U.S. envoy says Afghanistan’s choice is between political settlement or long ‘senseless’ war
By Karen DeYoung
The U.S. government’s point person for negotiations with the Taliban, Zalmay Khalilzad, said Tuesday that he is not as pessimistic as many others are about the future of Afghanistan after the departure of U.S. and coalition troops.
“I don’t personally believe there will be an imminent collapse” of the Afghan government and a Taliban takeover, Khalilzad told members of the Senate Foreign Relations Committee. “I believe the choice that the Afghans face is between a negotiated political settlement or a long war.”
“I hope they will come together and cooperate,” he said of the militants, the Afghan government and political forces, saying that continued war was “senseless” for all concerned. “The opportunity is there. Our support is there. The support of the international community is largely there as well.”
Committee members were broadly bipartisan in their negative predictions about Afghanistan’s future, and few had anything positive to say about President Biden’s withdrawal decision.
But while many warned of a growing terrorist threat, the likelihood that gains for women, children and minorities would be reversed under inevitable Taliban rule, and the difficulty of Biden’s decision, none said it would be better to stay.
Instead, both Republican and Democratic senators appealed to Khalilzad to explain how the United States, with no presence in Afghanistan, would prevent any of the dire predictions from happening.
The withdrawal “may result in a Taliban offensive that topples the government,” said Sen. James E. Risch of Idaho, the top Republican on the committee. “Most of the people who work in this space think that’s the direction it is headed. . . . Our departure from Afghanistan will not improve conditions on the ground.”
“The messaging from the administration has been limited,” said Sen. Robert Menendez (D-N.J.), the committee’s chairman. “Our troops are leaving at some point before Sept. 11. I got that. But what is the plan for the path forward? Can we effectively conduct counterterrorism operations without a presence inside Afghanistan?”
“Do we have leverage to ensure that a power-sharing arrangement” between the Taliban and the government “broadly reflects the will of all the Afghan people?” he asked.
Repeatedly, Khalilzad responded that much will depend on the Taliban, which has expanded its territorial reach and increased the level of violence since signing an agreement 14 months ago with the Trump administration that set a May 1 deadline for the U.S. withdrawal.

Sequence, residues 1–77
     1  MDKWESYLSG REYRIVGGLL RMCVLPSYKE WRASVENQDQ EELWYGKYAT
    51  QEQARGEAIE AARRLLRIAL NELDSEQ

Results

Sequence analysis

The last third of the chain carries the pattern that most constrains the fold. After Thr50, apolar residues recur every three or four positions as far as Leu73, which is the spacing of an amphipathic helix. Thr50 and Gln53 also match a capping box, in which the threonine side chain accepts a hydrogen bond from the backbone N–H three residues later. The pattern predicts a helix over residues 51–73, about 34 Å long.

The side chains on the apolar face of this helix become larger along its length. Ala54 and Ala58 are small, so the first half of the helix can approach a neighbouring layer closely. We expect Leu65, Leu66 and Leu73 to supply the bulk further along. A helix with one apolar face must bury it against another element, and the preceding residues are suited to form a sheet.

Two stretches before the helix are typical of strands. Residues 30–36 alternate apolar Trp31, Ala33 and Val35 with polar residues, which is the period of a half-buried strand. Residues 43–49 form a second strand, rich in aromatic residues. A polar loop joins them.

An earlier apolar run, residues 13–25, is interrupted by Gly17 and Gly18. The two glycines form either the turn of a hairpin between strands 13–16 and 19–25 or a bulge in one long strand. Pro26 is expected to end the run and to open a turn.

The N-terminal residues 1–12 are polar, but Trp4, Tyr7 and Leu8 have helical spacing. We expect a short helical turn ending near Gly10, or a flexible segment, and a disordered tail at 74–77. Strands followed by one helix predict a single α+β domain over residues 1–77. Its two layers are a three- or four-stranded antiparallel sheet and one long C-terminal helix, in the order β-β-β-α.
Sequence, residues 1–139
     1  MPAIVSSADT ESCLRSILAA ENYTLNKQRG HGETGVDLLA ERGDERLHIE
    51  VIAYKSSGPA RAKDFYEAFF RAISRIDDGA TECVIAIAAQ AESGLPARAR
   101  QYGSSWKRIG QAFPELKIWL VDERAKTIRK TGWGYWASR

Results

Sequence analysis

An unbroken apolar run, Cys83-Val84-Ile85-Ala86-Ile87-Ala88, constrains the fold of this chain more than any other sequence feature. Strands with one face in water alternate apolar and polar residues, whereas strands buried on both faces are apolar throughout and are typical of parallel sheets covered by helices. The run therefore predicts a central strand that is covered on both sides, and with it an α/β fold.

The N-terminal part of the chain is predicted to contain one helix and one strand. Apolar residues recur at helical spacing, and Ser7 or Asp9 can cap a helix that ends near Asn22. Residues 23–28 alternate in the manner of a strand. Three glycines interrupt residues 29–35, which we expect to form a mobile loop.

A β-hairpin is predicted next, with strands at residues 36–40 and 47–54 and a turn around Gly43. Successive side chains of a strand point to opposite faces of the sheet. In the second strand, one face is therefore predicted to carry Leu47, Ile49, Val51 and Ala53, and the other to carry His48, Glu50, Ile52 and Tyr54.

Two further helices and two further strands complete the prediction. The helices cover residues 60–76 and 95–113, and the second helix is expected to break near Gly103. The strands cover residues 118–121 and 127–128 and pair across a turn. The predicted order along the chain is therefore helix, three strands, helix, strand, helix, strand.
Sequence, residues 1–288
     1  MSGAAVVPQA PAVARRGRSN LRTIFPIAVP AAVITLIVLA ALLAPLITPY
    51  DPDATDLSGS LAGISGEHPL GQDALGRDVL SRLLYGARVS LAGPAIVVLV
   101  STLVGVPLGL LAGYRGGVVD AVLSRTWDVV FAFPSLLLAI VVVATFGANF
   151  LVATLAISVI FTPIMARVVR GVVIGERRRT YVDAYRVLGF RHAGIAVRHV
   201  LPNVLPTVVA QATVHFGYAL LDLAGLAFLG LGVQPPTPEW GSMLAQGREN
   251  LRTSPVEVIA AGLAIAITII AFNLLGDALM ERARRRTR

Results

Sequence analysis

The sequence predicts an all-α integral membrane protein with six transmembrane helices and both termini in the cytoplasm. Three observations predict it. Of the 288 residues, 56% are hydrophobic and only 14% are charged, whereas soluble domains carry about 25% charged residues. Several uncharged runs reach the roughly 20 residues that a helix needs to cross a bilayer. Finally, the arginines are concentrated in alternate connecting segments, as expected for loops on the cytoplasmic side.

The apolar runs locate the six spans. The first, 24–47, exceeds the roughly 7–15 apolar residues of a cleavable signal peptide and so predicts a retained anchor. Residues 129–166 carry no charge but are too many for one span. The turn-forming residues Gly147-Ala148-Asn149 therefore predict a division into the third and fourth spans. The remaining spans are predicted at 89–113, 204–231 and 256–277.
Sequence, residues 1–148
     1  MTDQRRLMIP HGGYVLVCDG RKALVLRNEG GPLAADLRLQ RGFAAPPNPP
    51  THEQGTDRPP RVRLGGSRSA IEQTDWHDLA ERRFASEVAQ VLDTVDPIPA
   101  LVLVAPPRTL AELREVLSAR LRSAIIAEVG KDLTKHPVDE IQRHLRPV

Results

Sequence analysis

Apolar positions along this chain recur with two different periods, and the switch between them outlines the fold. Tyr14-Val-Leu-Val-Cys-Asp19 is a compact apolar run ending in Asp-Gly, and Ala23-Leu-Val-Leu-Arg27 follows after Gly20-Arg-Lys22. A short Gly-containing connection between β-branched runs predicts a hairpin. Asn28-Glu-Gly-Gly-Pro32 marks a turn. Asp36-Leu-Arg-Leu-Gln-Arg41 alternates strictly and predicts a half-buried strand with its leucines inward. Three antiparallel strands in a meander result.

The militants have a choice “between two futures,” he said. They can “embrace a negotiated path to peace, make the transition from violent insurgency to a political movement” and earn “respect in the global community.”
“But if they obstruct a negotiated settlement, and instead pursue a military takeover, they will be opposed not only by the Afghan Republic, but by the United States and allies and partners in the region,” including isolation and sanctions.
Asked whether the Taliban had complied with its side of the deal he negotiated under the Trump administration, Khalilzad pointed to the start of negotiations last fall between the militants and the government, although little progress has been made.
The Taliban also “agreed not to attack coalition forces. . . . That has been honored,” he said, noting that although there have been some casualties, there have been no U.S. military fatalities since the agreement.
The United States has been “less satisfied,” he said, with the Taliban’s compliance with a pledge to sever ties with terrorist groups, principally al-Qaeda, and not permit them to plot, plan, recruit or carry out attacks against the United States and its allies.
“There are other areas in which we are less satisfied,” Khalilzad said. “The level of violence has been too high compared to what we expected to happen.”
In his own conversations with the militants, he said, they have made clear they do not want to return to the international pariah status they held when they last ran the government in Kabul, during the late 1990s until the U.S. invasion after the Sept. 11, 2001, terrorist attacks.
“I’ve never seen much evidence of the Taliban embracing the modern world,” said Sen. Ron Johnson (R-Wis.), or indications that it wants to “move forward.”
“We will have to see whether in practice they will,” Khalilzad said. “They say they do. Obviously they have their own values. . . . But those values that they speak about, Islam, that is present in many countries in the world. . . . We see those values practiced differently from place to place.”
“The Talibs say they are interested in not being a pariah,” he said. “All I can say is we have made it clear that if they do” move forward, “there can be progress in our relationship.” If they do not, isolation will be “inevitable.”
Khalilzad repeated the administration’s promise to continue funding the Afghan security forces and government, and he advised that their capabilities, after nearly two decades of allied and Afghan training, should not be underestimated.
“I hope that your optimism is rewarded,” Menendez said. But “I fear that at some point in the future, we may be having a hearing that that isn’t the ultimate reality.”